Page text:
One of the most ill-informed comments I’ve heard from a politician in recent months came courtesy of the Labour MP Frank Field. In the aftermath of the Heywood & Middleton by-election, he inferred that, thanks to Ukip, there was now no longer such a thing as a safe Labour seat. “All bets are off,” he concluded.
It was a spectacular over-reaction. It was wrong then and is wrong now. But it sums up pointedly the strain of Ukip fever that last autumn was coursing through strands of the media and parts of Westminster. Remember the headlines talking up the party’s chances of winning 25 seats, then 30, then even 100?
Nigel Farage was still at it just last month, when he popped up on ITV’s Loose Women to announce that Ukip would win at least 10 seats at the election.
I’ve yet to see a single forecast of the result anywhere online or in the media that suggests Ukip is going to win even half that number. The Guardian is currently predicting a total of three, though it doesn’t say what they are. May2015.com also says three, listing them as Clacton, Thurrock and Rochester & Strood. ElectionsEtc.com says four. ElectionForecast.co.uk suggests just one: Clacton.
Rochester & Strood was always likely to be an intriguing contest, thanks to the slim majority Mark Reckless achieved in last November’s by-election. A new poll from Lord Ashcroft implies the Tories are ahead at the moment, though their seven-point lead drops to just three when respondents are asked to think about their own constituency and the candidates standing there.
Thurrock, by contrast, looks like it could be a Ukip gain, with Ashcroft’s latest poll giving the party a four-point lead over Labour – though the three main parties are all within five points of each other.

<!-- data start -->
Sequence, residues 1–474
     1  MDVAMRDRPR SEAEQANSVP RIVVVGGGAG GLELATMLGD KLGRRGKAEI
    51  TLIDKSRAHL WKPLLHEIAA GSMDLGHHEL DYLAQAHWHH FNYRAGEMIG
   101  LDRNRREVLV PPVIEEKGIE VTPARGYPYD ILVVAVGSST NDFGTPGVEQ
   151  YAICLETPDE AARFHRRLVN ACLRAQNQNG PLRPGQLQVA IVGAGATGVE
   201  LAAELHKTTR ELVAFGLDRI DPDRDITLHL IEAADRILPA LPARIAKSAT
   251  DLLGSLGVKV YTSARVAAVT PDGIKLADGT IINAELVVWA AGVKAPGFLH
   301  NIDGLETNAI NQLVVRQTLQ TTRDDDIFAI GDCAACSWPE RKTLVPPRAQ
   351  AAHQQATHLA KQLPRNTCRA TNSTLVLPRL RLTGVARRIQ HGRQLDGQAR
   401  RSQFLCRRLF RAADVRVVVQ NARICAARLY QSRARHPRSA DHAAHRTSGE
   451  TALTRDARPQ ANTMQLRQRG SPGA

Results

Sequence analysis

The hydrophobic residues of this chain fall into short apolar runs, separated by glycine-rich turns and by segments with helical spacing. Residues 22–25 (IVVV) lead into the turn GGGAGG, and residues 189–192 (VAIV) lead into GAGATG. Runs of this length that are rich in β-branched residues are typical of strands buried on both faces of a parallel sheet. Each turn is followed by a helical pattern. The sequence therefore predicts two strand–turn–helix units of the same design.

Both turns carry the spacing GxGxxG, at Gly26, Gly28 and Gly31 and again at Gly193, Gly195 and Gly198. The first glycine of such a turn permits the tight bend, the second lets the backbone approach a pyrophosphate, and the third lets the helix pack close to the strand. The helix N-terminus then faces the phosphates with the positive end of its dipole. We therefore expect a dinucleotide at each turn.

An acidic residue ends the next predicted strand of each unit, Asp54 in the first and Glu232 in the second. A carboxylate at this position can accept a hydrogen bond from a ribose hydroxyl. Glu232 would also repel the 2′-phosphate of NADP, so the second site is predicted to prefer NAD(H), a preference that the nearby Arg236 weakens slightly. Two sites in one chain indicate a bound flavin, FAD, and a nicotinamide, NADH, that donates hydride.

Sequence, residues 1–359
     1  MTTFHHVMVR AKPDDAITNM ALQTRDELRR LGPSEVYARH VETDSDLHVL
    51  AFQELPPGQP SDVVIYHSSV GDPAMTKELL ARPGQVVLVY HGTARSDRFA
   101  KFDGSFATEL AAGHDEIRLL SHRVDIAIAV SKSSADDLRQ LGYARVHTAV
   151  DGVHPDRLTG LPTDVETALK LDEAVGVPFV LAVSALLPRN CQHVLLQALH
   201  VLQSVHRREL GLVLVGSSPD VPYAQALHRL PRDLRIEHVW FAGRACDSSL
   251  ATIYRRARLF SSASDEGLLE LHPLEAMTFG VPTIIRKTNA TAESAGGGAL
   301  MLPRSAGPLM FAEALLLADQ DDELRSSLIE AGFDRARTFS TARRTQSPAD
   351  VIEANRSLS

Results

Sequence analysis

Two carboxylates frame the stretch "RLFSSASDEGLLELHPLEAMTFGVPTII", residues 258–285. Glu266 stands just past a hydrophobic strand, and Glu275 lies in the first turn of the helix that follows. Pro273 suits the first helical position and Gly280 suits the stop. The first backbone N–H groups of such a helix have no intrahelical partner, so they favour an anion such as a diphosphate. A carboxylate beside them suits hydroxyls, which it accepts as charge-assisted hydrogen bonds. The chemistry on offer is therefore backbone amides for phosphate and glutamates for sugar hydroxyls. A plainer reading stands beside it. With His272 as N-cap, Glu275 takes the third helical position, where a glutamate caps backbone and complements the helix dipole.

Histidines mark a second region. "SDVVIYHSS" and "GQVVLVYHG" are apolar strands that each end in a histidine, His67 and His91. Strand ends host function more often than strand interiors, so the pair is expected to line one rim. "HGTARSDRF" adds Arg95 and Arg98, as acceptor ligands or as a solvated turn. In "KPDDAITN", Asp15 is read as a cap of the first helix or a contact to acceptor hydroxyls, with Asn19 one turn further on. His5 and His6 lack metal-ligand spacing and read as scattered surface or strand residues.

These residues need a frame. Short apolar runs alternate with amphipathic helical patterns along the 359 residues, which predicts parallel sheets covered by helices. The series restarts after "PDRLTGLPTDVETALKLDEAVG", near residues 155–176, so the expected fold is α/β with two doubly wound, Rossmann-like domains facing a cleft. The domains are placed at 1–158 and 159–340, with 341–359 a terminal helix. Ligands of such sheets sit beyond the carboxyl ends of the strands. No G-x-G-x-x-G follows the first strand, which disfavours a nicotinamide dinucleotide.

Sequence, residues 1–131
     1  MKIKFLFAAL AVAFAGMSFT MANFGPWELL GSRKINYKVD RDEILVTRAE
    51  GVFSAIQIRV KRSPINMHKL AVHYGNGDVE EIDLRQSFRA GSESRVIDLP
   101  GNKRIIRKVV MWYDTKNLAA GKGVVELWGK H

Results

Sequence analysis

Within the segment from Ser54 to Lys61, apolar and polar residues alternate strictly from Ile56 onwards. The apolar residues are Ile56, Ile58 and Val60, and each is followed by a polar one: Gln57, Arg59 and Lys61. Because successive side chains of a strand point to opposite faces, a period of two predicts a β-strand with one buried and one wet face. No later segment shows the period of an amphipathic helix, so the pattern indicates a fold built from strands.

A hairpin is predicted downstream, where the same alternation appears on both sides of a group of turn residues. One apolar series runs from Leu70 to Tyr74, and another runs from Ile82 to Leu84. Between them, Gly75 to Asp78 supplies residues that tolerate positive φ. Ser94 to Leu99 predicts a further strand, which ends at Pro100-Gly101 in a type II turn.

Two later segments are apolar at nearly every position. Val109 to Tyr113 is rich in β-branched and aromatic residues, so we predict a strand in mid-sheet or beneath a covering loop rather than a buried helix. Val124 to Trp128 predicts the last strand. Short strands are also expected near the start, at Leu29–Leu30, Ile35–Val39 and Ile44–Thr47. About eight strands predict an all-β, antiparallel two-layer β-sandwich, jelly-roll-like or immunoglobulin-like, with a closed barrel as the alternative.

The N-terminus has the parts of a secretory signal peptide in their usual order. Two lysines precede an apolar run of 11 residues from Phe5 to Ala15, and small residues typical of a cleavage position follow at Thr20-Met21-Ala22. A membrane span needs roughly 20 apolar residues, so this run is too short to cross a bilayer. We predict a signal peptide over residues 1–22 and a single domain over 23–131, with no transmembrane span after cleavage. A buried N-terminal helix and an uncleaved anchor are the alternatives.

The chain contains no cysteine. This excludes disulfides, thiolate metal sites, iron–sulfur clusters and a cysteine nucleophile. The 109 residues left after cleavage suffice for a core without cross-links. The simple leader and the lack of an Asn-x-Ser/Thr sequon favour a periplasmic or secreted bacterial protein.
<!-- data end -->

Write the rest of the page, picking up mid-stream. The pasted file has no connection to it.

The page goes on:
Add in Clacton, which Ukip are almost certainly bound to hold, and Thanet South, where different polls have suggested either a three-way race or an easy win for Nigel Farage, and you’ve the apparent extent of Ukip’s ambition in this election: four seats at most, two seats at least.
I say “apparent” extent, because there’s always the chance of a couple of surprises. But even then I doubt the party will get into double figures, as per Farage’s forecast of last month.
Where the party could well have more of an impact is in those seats not where it is likely to come first but second or even third. How many Conservative seats will fall to Labour thanks to Ukip splitting the Tory vote? How many Labour seats will become Labour-Ukip marginals, with Farage’s party displacing the Tories as the main opposition?
Ukip’s failure to translate its supposed momentum of last year into a serious challenge for power this year has to be one of the most significant political stories of the last 12 months. I’m not saying it won’t happen at some point in the future. I am saying it was widely expected to have happened by now, and it hasn’t.